Dear parish family,
This weekend, we celebrate the Solemnity of the Lord’s Epiphany, commonly known as the Feast of the Three Kings. This ancient liturgical celebration primarily commemorates the visit of the Magi-three wise men or kings who came from the East-representing the Infant Lord’s manifestation to all the Gentiles (the non-Jewish people of the world). It also celebrates the corresponding call of the Gentiles to faith in Jesus Christ, the true King and Savior of the world. The celebration of the Epiphany predates even the celebration of Christmas and is thus one of the oldest festivals on the Church’s calendar, dating from at least the third century.
The word “epiphany” is from the Greek language, and it means a “revealing” or a “manifestation.” It refers to the great manifestations of our Lord’s incarnate nature as truly God and truly man, “God in flesh made manifest:” Understood in this sense, Jesus’ birth, the adoration of the Magi, his baptism in the Jordan River where the Father revealed him as His beloved Son, and his first miracle at the wedding at Cana, can be considered “epiphanies”. In fact, at one point in the Church’s history, all of these events were celebrated on the Solemnity of the Lord’s Epiphany, but now the liturgical calendar assigns particular feasts or proper days for each.
There are some distinctive customs associated with Epiphany. On Epiphany the crèche, or nativity scene, is completed with the addition of the figures of the three Magi that have not been brought out before this date. Many families move the figures of the Magi from place to place around their home as they make their way to visit the Christ Child. Some families, in imitation of the gifts of the Magi to the Infant Jesus, exchange gifts on this day instead of Christmas, thus giving it the name “Little Christmas”. Christmas trees and Christmas decorations would not be taken down until after the Epiphany. In my home country of Vietnam, and in Italy where I have lived for many years, Christmas decorations are often kept even to the Feast of the Presentation of the Lord, which this year falls on February 2nd.
The evening before the traditional date for Epiphany, January 6, is the 12th Day of Christmas, and is often called Twelfth Night. In many European cultures, this night is celebrated with special spice wines, while in Oriental cultures, spicy foods and sweets (such as those containing curry or ginger) are served in commemoration of the Magi who came from the Orient where spicy foods are popular. Another popular tradition found in many cultures is the baking of an Epiphany cake, often a fruitcake or a spice cake, into which a bauble (such as a coin, charm, or a hard bean) is secretly inserted. The person who finds the trinket in his or her piece of cake is crowned King or Queen of the feast, and is given special honor, privileges and gifts.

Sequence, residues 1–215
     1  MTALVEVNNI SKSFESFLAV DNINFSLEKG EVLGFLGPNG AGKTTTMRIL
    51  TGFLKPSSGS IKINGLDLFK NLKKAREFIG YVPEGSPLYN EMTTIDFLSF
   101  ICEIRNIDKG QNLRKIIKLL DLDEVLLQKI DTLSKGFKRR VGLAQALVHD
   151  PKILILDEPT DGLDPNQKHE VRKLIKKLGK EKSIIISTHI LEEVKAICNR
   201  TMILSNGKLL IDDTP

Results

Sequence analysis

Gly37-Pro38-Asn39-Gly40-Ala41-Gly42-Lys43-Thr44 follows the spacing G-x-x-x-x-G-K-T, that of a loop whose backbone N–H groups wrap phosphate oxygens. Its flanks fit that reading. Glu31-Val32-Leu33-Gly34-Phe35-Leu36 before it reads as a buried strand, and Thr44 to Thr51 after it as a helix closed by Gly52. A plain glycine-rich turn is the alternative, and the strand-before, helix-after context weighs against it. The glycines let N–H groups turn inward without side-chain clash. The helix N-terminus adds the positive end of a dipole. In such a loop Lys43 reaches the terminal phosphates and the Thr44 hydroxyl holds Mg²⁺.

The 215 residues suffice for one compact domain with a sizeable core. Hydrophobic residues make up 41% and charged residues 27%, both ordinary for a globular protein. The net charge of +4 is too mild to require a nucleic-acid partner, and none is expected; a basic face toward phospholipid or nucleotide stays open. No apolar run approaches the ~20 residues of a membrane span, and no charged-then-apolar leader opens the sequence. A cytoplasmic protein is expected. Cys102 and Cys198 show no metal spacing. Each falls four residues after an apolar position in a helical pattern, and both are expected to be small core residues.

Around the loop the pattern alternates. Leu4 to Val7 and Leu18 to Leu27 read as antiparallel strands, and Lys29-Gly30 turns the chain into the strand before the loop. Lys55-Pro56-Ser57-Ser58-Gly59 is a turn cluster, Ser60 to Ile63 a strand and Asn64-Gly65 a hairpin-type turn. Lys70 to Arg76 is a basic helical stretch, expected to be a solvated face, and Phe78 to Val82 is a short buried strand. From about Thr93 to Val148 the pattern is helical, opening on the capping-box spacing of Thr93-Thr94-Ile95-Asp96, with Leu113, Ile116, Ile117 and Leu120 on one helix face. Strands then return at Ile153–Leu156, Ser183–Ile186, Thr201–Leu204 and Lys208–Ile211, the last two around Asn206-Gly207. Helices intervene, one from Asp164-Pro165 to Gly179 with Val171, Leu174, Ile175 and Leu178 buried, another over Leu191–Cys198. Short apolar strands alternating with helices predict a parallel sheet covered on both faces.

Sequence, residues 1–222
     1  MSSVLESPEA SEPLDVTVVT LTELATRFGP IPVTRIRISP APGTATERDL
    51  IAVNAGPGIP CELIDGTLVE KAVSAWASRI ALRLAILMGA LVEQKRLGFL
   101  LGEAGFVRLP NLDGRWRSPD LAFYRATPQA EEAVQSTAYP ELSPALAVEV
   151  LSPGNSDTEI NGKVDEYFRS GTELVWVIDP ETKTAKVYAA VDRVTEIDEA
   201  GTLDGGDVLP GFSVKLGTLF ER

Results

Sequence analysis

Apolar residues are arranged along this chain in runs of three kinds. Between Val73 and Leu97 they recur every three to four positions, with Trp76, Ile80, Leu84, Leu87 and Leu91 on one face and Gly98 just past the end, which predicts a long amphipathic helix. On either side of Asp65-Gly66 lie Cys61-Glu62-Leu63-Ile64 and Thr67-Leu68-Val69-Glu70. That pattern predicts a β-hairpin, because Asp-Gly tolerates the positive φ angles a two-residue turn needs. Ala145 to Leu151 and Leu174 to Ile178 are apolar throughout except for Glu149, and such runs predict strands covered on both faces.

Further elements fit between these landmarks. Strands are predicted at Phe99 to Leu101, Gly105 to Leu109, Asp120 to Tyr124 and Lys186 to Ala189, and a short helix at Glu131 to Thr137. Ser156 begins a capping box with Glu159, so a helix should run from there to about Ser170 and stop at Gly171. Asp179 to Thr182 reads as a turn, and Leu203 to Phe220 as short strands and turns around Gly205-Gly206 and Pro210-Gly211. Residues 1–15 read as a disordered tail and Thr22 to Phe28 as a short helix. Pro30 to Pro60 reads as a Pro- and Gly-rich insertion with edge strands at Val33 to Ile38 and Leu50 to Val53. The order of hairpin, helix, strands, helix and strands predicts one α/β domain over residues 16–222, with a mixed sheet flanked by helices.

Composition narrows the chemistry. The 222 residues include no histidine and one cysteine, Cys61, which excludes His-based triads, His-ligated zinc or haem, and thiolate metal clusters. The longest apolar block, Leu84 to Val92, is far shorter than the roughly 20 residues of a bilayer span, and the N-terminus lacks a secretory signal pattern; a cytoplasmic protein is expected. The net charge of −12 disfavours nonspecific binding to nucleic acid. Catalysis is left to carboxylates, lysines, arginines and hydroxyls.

Regardless of how else you choose to celebrate this day, participation in the Holy Mass should take pride of place. This weekend, I will get to celebrate Mass at the very church in North Vietnam where my father and mother were born, and where many of our relatives are still living. There will be a procession of children dressed up as kings and queens, bearing gifts to the Lord. After the Mass, the whole parish will have a feast together, and the guests of honor will be all the non-Catholic villagers who represent the modern “Gentiles” who come to visit the Lord. I am told that every year some people from this group will ask to be baptized as Catholics. It is a great way of introducing people to Christ and His family, the Church.
As I continue my brief journey to the fatherland to reconnect with my roots, be assured that I will remember you at the Altar each day, especially when I visit the tombs of the Vietnamese Martyrs, four of whom are among my ancestors, two on my father’s side, and two on my mother’s side. I will pray for you and your intentions.
Msgr. Cuong M. Pham